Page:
Will Animal Abuser Registries Catch On?

A boy and his dog

Update Oct. 12, 2010: None of the  bills reported below passed during the past legislative sessions.

Original report May 10, 2010: While the California legislature considers a bill to create a registry for animal abusers, similar bills have been introduced in other states:

In fact, a bill to track animal abusers has been introduced in Tennessee the past two sessions. During the 2009-2010 session, state Rep. Janis Sontany introduced the Tennessee Animal Abuser Registration, Tracking and Verification Act, H.B. 385  The Senate version, S.B. 182, was introduced by state Sen. Doug Jackson.

A bill was introduced in the New York legislature in March, AB 10387, that would require the Commissioner of Agriculture and the sheriff of each county to maintain a registry of adult animal abusers, persons over 18 years of age who have been convicted of a felony violation of an animal protection law, offenses against service animals or animals used to aid people with disabilities, or injuring or killing a police animal in New York state or elsewhere.  The registry would apply to those convicted of felony cruelty to farm animals.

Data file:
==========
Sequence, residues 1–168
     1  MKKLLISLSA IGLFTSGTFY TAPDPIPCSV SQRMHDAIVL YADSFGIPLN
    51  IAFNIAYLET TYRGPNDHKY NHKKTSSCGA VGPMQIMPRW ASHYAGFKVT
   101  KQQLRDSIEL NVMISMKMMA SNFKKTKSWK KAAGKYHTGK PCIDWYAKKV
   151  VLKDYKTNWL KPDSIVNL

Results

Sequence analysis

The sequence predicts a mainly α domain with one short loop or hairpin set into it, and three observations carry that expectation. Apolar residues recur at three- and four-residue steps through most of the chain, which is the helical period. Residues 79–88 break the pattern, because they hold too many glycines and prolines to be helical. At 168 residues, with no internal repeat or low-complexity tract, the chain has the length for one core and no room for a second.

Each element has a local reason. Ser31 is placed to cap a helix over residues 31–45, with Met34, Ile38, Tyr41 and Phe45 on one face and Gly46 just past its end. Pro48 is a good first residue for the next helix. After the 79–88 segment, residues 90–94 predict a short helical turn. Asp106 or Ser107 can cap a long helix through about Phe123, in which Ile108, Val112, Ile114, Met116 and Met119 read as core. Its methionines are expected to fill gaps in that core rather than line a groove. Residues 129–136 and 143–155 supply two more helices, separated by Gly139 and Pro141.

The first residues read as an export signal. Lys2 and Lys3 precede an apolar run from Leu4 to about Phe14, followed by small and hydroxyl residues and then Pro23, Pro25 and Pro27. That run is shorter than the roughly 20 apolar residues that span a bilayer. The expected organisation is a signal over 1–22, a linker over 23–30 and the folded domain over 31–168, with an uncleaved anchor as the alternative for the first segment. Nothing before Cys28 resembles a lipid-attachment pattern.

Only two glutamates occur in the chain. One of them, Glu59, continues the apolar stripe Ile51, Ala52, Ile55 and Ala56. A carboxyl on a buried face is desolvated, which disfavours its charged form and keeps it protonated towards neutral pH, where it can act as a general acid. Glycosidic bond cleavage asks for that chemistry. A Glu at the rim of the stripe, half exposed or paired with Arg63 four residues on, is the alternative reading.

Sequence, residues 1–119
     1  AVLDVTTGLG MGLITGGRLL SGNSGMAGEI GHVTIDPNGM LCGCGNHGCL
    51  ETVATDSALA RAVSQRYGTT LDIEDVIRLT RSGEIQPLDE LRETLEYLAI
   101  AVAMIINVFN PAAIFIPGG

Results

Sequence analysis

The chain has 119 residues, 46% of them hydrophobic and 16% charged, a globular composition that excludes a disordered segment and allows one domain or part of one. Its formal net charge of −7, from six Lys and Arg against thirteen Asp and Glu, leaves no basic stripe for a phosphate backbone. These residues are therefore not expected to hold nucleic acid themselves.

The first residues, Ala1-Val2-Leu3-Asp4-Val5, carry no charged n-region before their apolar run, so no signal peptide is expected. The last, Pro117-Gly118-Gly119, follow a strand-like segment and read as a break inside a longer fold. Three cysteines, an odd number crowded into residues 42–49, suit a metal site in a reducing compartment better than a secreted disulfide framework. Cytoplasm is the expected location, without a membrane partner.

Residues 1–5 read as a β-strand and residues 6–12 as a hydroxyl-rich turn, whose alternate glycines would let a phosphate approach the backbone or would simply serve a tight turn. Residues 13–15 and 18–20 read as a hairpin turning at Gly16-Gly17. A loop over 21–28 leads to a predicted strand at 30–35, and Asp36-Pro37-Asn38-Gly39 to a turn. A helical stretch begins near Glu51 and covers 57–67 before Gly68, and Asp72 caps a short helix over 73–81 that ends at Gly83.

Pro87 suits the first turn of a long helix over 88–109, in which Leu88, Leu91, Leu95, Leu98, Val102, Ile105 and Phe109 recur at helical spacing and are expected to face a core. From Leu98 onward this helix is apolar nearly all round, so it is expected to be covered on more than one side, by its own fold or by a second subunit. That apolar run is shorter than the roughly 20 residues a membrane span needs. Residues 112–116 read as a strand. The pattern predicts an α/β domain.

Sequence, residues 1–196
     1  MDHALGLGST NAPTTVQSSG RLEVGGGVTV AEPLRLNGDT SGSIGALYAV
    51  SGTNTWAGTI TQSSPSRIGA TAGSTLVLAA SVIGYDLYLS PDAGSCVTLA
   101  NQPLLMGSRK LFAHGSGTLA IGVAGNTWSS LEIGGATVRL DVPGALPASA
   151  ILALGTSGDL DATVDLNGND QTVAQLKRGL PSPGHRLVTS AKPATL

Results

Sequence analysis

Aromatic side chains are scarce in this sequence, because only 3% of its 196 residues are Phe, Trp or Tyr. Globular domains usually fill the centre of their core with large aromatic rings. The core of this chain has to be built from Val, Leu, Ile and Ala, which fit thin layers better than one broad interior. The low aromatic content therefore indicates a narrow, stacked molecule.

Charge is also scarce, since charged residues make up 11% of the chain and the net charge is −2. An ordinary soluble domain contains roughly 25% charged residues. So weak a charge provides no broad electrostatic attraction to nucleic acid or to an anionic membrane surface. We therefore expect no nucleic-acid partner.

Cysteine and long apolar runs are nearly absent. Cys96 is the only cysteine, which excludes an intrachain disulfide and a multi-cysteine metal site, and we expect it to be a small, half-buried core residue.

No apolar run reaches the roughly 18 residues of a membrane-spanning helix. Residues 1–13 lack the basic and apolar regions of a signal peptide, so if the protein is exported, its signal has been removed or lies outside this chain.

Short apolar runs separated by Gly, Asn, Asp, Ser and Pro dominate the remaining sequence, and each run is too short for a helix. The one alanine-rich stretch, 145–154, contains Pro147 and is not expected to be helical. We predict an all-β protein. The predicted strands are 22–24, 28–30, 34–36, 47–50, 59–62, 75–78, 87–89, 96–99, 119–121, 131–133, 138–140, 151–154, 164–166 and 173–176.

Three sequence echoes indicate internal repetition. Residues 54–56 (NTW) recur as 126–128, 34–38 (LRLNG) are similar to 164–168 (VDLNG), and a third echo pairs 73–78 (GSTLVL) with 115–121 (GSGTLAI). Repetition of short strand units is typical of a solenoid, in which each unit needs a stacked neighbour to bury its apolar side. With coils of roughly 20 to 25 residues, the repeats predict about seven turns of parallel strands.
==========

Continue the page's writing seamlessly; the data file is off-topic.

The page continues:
Adults convicted of these crimes would be required to register in person within 10 days of a conviction or moving to the state or county and then annually for 15 years. Failure to do so would be a felony. The court would also be required to certify a convicted person is an animal abuser and notify the registry.

A county sheriff would be required to notify every residence, school, business, humane society and shelter within a ½ mile radius of the abuser’s residence of his or her presence. The information must then be made available to the public on the internet or through telephone, in person or written requests.  

Assembly Member Joan Millman is the bill’s sponsor.

Under Louisiana’s bill, H.B. 201, the registry would track fewer adult animal abusers, only those convicted of aggravated cruelty to animals, dog fighting, cock fighting, hog dog fighting and sport killing of zoo or circus animals. 

The state Bureau of Criminal Identification and Information would maintain the registry.

Louisiana state Rep. Walker Hines is the sponsor.